British National Also Wanted In The UK For A Driving License Scam In 2007
Singapore’s corporal & capital punishments have never sat well with other countries, especially those whose citizens are at risk of receiving them.
The Michael Fay incident in 1994 was proof of just how controversial our laws are in their eyes. For Mr Fay in particular, however, we’re happy to report that he’s turned over a new leaf, after his caning.
That ‘success story’ aside, Singapore’s government might now have a standoff with the British government over a corporal punishment case involving a UK citizen.
Plea for lighter punishment
London-born Ye Ming Yuen who was a DJ here at Zouk, was arrested in Singapore in August 2016 for drug trafficking offences.
The court gave Ye 20 years’ imprisonment and 24 strokes of the cane for seven drug offences, including two counts of “repeat drug trafficking”.
Ye has evaded caning twice by claiming violation of human rights, but he still wants to ask for lighter punishment.
In his handwritten appeal, a remorseful Ye pled for the court to reduce his sentence to 8.5 years in jail and 15 strokes of the cane.
Should a shorter sentence be imposed, it would allow me to remain useful in society.
UK Foreign Secretary Jeremy Hunt has even raised Ye’s case with Minister for Foreign Affairs Mr Vivian Balakrishnan on his visit to Singapore last week.
Caning sentence is “barbaric” & “a form of torture”
Ye’s family who are begging for authorities to review his case call the caning sentence “barbaric” and “a form of torture”.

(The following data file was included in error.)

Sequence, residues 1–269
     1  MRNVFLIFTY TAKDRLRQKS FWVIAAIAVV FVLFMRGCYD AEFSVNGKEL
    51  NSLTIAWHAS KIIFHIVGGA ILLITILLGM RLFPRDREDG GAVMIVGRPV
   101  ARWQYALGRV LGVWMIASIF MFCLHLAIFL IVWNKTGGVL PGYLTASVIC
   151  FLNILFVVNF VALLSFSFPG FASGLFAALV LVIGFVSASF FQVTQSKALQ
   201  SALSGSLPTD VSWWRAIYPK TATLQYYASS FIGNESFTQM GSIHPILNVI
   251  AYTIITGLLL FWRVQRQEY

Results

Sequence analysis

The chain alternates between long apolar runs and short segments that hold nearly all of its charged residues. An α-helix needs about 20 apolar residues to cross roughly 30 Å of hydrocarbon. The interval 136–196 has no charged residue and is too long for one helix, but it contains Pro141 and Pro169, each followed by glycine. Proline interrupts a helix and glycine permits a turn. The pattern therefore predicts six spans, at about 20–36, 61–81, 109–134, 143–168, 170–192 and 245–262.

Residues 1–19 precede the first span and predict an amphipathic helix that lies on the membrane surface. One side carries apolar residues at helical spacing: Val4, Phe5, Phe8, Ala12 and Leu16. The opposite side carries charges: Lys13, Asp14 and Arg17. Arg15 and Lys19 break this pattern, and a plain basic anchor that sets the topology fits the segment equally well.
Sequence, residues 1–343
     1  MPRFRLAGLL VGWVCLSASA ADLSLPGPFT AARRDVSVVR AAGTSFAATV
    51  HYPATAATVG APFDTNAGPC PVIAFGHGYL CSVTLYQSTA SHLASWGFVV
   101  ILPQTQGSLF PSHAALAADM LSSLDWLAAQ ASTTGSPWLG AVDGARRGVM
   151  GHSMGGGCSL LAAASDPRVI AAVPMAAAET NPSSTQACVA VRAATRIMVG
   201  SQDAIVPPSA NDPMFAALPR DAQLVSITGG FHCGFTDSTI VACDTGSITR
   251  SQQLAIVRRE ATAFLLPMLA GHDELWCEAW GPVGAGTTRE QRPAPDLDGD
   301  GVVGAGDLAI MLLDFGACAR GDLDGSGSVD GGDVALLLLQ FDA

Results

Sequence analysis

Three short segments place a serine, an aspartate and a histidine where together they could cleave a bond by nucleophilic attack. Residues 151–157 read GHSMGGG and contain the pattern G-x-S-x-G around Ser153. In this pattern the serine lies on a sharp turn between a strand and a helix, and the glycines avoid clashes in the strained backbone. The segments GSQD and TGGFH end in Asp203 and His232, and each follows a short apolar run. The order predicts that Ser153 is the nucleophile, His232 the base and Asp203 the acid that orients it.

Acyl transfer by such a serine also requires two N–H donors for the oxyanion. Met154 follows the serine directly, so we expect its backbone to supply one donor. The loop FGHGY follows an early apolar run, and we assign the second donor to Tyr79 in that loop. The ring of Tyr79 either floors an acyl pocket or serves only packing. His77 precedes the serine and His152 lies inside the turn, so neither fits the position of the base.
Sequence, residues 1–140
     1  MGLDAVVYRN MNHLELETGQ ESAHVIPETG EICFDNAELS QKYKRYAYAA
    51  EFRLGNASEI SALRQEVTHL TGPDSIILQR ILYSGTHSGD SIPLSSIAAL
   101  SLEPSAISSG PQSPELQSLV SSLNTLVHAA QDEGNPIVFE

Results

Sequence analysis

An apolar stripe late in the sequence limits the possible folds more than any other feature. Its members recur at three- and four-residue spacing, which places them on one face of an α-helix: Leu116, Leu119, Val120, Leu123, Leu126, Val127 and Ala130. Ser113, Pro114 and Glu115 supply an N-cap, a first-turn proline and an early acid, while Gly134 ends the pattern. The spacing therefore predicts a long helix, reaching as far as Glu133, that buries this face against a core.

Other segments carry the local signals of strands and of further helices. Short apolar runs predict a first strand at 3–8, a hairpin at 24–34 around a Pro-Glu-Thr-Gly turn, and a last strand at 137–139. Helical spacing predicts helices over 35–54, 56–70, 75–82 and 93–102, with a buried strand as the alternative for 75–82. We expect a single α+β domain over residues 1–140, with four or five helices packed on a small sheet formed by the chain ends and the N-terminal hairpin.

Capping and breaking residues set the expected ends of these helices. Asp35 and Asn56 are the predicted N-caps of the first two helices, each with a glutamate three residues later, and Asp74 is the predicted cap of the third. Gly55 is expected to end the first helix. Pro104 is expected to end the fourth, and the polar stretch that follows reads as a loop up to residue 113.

They describe his conditions in prison to be “mentally torturous” since authorities don’t warn him when the caning is about to happen.
Ye can only receive family visits twice a month. He also allegedly spends 22 hours/day in his cell where he sleeps on a bamboo mat.
UK authorities also want him
Though British authorities are fighting to review Ye’s case, they also want him for an alleged scam in 2007.
Ye had reportedly admitted to manufacturing fake driving licenses and selling them to students in the UK, but managed to escape to Singapore.
His seeming tendency to repeat criminal offences and run away has encouraged British people to support his current punishments.
British people support caning
Most of the British who support the punishment pointed out how Ye should have been aware of Singapore’s laws when he committed the crime.
They also felt that Singapore could rightfully carry out the punishment since Ye broke our country’s laws after all.
Rather than coming to Ye’s defense, they showed consideration for Singapore’s laws, lauding them for keeping Singapore safe.
Consular staff have been assisting Ye and his family since his arrest in 2016.
There’s no saying when the case will end, but we hope that both Singapore and UK authorities can resolve it amicably.